In Biondo v. New York State Board of Parole, 458 N.E.2d 371 (N.Y. 1983), which theCarter court cited, but did not discuss or explicitly overrule, the Court of Appeals rejected a lower court holding that "the running of the statutory period beg[ins] to run immediately upon the issuance of the determination" being challenged.Summary of this case from Scales v. New York State Division of Parole
Decided November 1, 1983
Appeal from the Appellate Division of the Supreme Court in the Third Judicial Department, DE FOREST C. PITT, J.
Murray Bogatin for appellant.
Robert Abrams, Attorney-General ( Nancy A. Spiegel and Peter H. Schiff of counsel), for respondent.
The order of the Appellate Division should be reversed, with costs, and the matter remitted to the Supreme Court, Albany County, for a hearing to determine when petitioner was informed of the appeal board's determination.
The four-month Statute of Limitations did not begin to run until the petitioner received notice of the appeal board's determination (see, e.g., 8 Weinstein-Korn-Miller, N Y Civ Prac, par 7804.02; Matter of Abramson v Commissioner of Educ., 1 A.D.2d 366, 371; cf. Matter of Queensborough Community Coll. v State Human Rights Appeal Bd., 41 N.Y.2d 926). The contrary conclusion reached by the courts below, that the running of the statutory period began to run immediately upon the issuance of the determination, overlooks the additional requirement that the petitioner be "aggrieved" by the determination ( Matter of Martin v Ronan, 44 N.Y.2d 374, 381). We have previously held that for the purposes of the commencement of the statutory period, the petitioner cannot be said to be aggrieved by the mere issuance of a determination when the agency itself has created an ambiguity as to whether or not the determination was intended to be final ( Mundy v Nassau County Civ. Serv. Comm., 44 N.Y.2d 352). A similar principle should apply when the petitioner has received no notice, ambiguous or otherwise, of the determination by which he is said to be aggrieved. Indeed, fundamental fairness would seem to compel the conclusion that a petitioner should not be held to have been dilatory in challenging a determination of which he was not aware (cf. Matter of Bianca v Frank, 43 N.Y.2d 168).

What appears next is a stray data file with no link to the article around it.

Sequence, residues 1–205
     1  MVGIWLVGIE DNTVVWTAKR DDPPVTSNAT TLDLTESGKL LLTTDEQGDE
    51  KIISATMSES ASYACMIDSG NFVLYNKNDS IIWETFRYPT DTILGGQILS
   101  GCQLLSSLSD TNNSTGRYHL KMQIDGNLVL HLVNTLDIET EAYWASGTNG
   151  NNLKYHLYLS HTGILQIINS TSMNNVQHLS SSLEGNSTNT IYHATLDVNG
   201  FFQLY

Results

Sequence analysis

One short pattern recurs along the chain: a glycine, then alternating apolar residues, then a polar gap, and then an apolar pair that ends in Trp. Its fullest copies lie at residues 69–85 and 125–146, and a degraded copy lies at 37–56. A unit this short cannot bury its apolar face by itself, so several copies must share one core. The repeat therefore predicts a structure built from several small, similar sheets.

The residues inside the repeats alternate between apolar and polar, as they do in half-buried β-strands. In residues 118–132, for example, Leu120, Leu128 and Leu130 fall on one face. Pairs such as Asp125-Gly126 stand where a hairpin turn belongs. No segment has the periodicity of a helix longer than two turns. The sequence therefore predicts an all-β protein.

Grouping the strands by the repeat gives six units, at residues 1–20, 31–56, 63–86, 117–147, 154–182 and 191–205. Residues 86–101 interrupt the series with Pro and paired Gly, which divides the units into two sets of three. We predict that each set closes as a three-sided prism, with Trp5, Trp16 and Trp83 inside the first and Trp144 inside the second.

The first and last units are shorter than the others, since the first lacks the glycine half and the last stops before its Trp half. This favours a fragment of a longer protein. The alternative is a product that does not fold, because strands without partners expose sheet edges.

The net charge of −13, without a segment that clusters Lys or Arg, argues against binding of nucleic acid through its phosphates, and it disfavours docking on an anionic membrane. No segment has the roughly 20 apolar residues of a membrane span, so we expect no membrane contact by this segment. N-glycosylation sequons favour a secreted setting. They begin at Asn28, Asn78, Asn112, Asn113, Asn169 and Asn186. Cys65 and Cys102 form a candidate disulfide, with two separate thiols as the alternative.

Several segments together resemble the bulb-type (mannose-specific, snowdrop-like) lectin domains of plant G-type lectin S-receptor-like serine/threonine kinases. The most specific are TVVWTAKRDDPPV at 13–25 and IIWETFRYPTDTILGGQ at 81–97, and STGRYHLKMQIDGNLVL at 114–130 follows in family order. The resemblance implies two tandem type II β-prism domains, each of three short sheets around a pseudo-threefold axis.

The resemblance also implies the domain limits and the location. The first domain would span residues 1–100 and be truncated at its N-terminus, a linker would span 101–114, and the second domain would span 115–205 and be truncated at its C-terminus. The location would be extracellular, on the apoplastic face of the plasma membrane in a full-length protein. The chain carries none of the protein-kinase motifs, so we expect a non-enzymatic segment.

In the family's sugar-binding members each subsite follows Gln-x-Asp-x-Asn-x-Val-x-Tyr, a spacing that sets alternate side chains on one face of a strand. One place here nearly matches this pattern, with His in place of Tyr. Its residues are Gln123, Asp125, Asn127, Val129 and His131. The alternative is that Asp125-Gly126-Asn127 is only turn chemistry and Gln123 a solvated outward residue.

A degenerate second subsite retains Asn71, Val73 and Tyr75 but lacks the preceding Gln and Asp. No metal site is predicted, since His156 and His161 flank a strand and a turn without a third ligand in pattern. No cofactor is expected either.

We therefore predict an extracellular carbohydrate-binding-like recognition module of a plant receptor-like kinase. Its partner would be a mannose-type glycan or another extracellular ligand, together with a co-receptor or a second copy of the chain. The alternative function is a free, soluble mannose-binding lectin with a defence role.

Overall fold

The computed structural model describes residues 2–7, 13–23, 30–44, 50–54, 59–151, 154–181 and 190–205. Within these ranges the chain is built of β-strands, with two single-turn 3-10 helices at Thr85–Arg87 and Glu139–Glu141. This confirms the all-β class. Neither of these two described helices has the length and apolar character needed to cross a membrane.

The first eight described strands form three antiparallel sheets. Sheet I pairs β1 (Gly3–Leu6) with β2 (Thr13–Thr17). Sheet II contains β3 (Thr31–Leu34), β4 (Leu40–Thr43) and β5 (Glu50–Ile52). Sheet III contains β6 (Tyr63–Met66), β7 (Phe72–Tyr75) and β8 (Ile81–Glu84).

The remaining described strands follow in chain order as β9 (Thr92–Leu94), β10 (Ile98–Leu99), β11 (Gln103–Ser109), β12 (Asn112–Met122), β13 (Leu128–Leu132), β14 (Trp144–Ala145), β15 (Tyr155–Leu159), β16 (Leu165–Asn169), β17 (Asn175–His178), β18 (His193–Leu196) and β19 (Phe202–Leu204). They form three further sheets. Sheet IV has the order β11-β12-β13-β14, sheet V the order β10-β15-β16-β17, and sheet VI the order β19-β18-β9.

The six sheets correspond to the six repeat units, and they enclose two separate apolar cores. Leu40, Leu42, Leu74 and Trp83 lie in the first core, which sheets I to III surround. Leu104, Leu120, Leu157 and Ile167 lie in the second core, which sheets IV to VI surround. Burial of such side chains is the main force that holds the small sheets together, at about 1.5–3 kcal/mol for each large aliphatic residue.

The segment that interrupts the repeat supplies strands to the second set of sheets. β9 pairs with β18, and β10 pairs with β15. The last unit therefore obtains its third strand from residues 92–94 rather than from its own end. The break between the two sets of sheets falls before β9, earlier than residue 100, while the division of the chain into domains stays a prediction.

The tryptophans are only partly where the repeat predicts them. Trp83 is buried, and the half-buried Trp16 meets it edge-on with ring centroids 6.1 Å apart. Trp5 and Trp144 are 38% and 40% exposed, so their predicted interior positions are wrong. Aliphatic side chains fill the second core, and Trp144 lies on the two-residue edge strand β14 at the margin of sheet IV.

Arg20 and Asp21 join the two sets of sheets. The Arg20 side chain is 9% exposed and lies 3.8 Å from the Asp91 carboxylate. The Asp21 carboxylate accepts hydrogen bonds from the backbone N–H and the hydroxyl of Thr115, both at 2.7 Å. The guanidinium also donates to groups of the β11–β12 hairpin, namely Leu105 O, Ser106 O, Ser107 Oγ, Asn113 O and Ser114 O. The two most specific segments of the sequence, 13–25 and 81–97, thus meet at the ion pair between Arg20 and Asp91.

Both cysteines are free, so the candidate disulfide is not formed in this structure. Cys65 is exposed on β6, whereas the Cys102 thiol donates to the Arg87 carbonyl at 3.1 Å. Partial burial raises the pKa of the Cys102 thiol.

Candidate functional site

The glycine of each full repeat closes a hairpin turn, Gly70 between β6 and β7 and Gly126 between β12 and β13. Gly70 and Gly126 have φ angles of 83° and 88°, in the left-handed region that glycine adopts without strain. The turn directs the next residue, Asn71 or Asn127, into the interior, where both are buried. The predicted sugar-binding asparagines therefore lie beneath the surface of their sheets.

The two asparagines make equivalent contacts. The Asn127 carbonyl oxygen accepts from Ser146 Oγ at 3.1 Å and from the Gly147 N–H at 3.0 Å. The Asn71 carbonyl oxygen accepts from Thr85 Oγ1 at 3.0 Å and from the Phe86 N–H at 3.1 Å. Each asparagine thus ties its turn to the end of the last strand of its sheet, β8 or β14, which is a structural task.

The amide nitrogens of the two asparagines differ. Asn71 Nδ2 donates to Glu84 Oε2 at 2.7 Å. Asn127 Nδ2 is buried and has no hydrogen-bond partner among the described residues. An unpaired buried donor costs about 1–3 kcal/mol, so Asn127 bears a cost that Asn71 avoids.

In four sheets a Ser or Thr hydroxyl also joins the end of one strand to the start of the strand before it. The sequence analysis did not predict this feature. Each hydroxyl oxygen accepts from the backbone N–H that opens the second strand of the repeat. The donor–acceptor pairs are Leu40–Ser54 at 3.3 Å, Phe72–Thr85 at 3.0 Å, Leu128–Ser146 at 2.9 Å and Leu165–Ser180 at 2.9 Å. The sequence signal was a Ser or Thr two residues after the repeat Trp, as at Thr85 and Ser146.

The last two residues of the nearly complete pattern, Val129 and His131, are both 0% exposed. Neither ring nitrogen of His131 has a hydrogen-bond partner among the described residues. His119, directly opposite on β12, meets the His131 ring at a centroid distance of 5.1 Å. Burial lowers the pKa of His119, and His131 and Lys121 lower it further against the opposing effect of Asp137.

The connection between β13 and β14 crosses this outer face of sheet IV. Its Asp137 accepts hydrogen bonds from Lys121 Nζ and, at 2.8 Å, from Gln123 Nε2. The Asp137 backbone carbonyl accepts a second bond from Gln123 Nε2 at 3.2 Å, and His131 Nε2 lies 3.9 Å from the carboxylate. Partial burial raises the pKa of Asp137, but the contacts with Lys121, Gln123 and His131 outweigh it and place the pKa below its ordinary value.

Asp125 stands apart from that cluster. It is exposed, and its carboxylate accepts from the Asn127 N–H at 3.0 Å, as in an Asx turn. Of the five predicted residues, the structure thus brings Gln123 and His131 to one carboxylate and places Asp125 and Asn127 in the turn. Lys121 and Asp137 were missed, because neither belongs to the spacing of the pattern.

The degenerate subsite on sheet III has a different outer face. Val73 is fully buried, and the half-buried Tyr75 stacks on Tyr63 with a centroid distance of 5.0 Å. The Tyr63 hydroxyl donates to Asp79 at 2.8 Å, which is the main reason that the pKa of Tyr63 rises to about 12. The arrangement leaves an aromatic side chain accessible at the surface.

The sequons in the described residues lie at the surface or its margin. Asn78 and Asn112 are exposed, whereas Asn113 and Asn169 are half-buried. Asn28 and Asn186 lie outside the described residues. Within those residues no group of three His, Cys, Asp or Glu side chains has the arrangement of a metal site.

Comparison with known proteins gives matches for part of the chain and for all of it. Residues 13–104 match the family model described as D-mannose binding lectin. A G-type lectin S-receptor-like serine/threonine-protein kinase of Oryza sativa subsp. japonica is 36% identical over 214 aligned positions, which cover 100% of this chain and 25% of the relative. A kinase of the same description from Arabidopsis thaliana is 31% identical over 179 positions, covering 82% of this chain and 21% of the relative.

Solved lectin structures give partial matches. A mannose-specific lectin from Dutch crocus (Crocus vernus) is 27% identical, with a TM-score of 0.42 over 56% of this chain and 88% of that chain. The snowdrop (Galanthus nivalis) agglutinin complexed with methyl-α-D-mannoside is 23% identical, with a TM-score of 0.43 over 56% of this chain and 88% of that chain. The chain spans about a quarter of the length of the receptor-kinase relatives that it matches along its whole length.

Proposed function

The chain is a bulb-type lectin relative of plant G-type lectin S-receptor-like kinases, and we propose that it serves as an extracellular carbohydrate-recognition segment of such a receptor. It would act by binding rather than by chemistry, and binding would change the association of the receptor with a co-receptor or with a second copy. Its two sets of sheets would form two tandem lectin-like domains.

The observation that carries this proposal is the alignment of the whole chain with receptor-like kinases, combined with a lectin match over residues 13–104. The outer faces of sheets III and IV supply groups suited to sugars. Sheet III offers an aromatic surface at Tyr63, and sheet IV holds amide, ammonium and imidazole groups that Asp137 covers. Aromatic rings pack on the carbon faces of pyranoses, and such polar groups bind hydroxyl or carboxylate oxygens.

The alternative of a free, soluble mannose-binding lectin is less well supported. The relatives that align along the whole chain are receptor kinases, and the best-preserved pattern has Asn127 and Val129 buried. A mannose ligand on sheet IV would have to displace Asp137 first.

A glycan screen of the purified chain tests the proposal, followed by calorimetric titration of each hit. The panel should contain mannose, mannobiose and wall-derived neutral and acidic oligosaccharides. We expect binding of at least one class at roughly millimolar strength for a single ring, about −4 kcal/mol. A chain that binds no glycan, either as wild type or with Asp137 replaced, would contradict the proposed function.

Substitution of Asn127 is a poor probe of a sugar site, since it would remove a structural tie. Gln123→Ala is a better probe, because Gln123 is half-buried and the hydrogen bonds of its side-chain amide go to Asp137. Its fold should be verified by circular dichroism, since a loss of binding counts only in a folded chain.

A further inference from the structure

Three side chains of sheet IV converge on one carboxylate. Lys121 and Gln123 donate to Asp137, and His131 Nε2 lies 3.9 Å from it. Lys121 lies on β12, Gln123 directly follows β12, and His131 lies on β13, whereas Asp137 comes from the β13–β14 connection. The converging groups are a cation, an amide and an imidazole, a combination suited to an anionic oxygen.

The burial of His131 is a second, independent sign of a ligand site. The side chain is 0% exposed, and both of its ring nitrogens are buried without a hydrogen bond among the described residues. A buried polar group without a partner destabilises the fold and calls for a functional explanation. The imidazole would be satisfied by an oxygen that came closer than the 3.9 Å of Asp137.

We also note that although the petitioner's sentence has expired it cannot be said, as we recently held in Matter of Tremarco v New York State Bd. of Parole ( 58 N.Y.2d 968), that the proceeding has been rendered moot. In that case the sentence expired after the article 78 proceeding had been commenced thus rendering academic the only question presented in the petition, namely, whether petitioner was entitled to remain on parole without a further hearing. Here on the other hand, the sentence expired while the petitioner's case was pending before the appeal board, and the propriety of its decision to dismiss for mootness is the primary issue raised in the petition. Nothing has occurred since the commencement of that proceeding to render that issue moot. Moreover, in contrast to Tremarco, here petitioner was found to have been a parole violator which may have lasting consequences despite the expiration of his sentence.
Chief Judge COOKE and Judges JASEN, JONES, WACHTLER, MEYER, SIMONS and KAYE concur.
On review of submissions pursuant to rule 500.2 (b) of the Rules of the Court of Appeals (22 N.Y.CRR 500.2 [g]), order reversed, with costs, and matter remitted to Supreme Court, Albany County, for further proceedings in accordance with the memorandum herein.